Newspaper article The Christian Science Monitor

Soviet Politicians Speak out but Gromyko, Pozner, and Yeltsin Rely on Cold-War Cliches in Their Respective Autobiographies

Newspaper article The Christian Science Monitor

Soviet Politicians Speak out but Gromyko, Pozner, and Yeltsin Rely on Cold-War Cliches in Their Respective Autobiographies

Article excerpt

MEMOIRS by Andrei Gromyko, Foreword by Henry Kissinger, New York: Doubleday, 414 pp., $24.95 PARTING WITH ILLUSIONS by Vladimir Pozner, New York: Atlantic Monthly Press, 324 pp., $19.95 AGAINST THE GRAIN: AN AUTOBIOGRAPHY by Boris Yeltsin, New York: Summit Books, 263 pp., $19.95

AMERICANS too often overlook their history; Soviets are constantly - and painfully - reminded of theirs.

Consider these autobiographies. All are very different (so much for cold-war stereotypes about "faceless," "monolithic" Soviets), with thinly disguised, yet distinctive personal agendas. Over each book, however, hovers the same question: How can dictatorship be avoided, legitimacy provided, and dynamism encouraged, in a reformed Soviet state?

Andrei Gromyko, that quintessential Czarist/Soviet bureaucrat, here performs a last service to the state he served until his death last July, by offering a cold-war view of a righteous Soviet Union, constantly besieged by the capitalist world.

Vladimir Pozner, the personification for American television of a reasonable, humanistic Soviet spokesman, simultaneously defends and criticizes the Soviet system, while also hinting at the painful shifts and expedients it demanded of this ambitious outsider from New York.

Boris Yeltsin, that tough-talking Siberian cowboy and would-be successor to Gorbachev, denounces the elite, the privileged, and Gorbachev himself, in populist language that may delight ordinary Soviets.

Though evocative and occasionally informative, these are burdensome books for the general reader. Gromyko is dull, defensive, disdainful of the West; Pozner is evasive and meandering; and Yeltsin is simplistic, egocentric, without insight or subtlety.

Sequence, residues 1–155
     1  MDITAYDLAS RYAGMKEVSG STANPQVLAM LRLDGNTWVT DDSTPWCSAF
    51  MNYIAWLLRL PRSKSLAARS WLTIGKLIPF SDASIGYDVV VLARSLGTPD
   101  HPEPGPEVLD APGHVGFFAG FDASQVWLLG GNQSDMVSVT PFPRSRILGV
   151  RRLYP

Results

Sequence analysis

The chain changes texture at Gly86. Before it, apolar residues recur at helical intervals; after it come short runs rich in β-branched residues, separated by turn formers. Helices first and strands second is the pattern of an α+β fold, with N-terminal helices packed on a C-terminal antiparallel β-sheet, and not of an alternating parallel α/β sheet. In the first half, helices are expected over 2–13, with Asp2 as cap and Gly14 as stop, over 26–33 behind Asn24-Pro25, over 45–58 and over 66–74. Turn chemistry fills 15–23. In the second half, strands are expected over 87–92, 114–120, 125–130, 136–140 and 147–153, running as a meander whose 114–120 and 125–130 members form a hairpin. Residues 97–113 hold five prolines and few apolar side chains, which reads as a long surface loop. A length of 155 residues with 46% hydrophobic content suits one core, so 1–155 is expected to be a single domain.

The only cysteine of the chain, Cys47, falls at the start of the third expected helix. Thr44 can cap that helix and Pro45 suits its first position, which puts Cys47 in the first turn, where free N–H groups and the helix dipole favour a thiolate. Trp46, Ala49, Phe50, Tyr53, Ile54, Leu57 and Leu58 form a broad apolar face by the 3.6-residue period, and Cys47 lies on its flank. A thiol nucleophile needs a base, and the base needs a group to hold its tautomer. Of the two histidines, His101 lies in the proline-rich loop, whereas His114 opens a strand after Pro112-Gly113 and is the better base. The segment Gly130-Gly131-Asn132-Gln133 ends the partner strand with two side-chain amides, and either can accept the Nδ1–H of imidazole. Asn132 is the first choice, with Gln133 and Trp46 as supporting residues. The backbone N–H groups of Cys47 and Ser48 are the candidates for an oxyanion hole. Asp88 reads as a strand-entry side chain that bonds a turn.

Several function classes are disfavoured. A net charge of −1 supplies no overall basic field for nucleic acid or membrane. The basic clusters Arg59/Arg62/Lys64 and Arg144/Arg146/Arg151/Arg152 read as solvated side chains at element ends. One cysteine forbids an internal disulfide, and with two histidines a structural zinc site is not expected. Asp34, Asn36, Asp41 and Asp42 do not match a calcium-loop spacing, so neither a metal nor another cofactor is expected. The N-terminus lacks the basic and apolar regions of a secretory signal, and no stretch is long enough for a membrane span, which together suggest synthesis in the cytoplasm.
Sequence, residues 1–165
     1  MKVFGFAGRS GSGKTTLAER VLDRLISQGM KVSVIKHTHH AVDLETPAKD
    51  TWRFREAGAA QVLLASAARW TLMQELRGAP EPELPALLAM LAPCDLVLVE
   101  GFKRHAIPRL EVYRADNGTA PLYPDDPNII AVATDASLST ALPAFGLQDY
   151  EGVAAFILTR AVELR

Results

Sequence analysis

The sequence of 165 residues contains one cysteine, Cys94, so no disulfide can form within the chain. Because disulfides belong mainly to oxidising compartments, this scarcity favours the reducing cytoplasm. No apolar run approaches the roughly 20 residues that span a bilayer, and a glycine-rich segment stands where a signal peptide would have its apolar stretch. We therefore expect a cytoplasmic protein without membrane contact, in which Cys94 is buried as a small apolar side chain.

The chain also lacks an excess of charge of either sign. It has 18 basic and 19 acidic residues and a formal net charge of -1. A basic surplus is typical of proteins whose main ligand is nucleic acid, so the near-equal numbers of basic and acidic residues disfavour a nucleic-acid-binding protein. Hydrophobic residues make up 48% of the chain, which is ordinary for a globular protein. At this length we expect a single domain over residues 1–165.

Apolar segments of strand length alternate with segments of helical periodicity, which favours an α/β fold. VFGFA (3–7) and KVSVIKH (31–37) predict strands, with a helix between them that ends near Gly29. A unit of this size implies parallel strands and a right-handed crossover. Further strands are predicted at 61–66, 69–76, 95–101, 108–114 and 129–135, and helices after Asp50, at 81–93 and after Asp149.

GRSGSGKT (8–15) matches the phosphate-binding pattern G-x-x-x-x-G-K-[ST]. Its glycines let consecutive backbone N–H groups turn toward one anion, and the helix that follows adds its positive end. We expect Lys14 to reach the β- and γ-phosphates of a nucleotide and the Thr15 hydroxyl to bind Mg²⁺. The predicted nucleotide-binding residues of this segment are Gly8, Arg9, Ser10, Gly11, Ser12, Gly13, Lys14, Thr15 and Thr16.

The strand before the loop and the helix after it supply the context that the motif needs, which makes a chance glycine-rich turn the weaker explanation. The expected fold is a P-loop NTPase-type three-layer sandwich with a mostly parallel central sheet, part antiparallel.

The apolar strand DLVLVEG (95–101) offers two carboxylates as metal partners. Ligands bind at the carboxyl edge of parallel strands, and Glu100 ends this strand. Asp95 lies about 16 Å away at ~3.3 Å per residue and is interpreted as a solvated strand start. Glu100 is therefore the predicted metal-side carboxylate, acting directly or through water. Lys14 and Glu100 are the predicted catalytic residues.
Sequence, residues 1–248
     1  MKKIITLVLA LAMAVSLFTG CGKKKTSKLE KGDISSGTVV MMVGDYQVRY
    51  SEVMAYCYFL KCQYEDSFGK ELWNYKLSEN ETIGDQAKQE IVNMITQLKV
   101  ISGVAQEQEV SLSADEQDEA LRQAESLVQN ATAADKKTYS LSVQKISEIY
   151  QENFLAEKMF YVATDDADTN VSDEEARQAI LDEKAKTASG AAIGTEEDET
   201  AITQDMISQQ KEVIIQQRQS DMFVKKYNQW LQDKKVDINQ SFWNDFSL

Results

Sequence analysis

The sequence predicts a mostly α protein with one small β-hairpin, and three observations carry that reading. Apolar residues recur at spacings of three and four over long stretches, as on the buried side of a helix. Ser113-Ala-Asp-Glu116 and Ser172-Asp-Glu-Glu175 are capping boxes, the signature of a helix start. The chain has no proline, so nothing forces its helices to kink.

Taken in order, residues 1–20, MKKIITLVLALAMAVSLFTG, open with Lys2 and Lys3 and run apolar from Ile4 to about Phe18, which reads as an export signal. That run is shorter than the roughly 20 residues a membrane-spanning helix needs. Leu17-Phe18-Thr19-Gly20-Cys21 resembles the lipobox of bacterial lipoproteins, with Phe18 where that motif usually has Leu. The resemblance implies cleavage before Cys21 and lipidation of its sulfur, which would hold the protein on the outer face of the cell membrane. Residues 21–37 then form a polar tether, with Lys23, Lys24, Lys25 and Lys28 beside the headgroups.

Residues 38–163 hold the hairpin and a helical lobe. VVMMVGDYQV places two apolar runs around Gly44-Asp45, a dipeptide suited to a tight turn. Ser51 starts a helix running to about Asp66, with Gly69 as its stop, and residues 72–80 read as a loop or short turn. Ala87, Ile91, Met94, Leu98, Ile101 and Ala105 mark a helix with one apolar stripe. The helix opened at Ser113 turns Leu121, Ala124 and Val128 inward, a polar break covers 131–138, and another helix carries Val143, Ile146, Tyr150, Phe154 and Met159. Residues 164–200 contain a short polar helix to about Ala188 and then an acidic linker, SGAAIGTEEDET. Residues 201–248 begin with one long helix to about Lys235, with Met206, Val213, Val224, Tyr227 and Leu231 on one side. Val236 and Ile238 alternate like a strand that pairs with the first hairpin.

But let's face it. Many public figures are flat and dreary as writers: witness Paul Nitze's recent memoirs. Truly interesting memoirs, a la Acheson, Kissinger, or de Gaulle, require introspection, literary grace, the long view; these are rarities, especially among public personages who usually live for the here and now.

The peculiar publishing circumstances of these books impose further difficulties. Gromyko's memoirs first appeared in Russian in two fat volumes, far too much for an American audience. The American publisher then required much cut-and-paste work, plus new material on various personalities - especially Stalin - who might interest American readers. The result is too superficial for scholars, yet too stiff for the general public.

Pozner and Yeltsin, by contrast, apparently are writing for the American market; there is no sign that either book will appear in Russian. Both seem to have been compiled hastily, at odd moments in busy lives. Neither author displays the insight or skill needed to go beyond thumbnail accounts of Soviet political or cultural shenanigans; outsiders may feel adrift.

There are doubtless useful tidbits for specialists who track Pozner and the increasingly important Yeltsin, but this hardly compensates for the absence of depth and coherence, and for pages that move as fitfully as balky cars on a bumpy road.

Andrei Gromyko's Memoirs are more predictable, less pretentious. His is the authentic voice of the foreign policy apparatchik, rooted in the geopolitical conceptions of 19th-century czardom, with an admixture of Marxist dogma and anti-German trauma.

Gromyko proudly labels himself "a Communist to the marrow of my bones." Yet his is a profoundly conservative, defensive Communism, always fearful lest terrible forces - NATO? the Pentagon? Muslim extremism? - will rip the world asunder.

West Germany is of course his greatest fear. Gromyko was eight years old in 1918 when the "Germans arrived like an enslaving force" in his Byelorussian village; he was 31, and soon to become ambassador in Washington, when the Germans struck in 1941.

Hence his suspicions about NATO, the American bases circling the Soviet Union, and even Helmut Schmidt, whose wartime service in Russia is not forgotten: "he had not fully freed himself from the outlook of an officer in the German Wehrmacht. …

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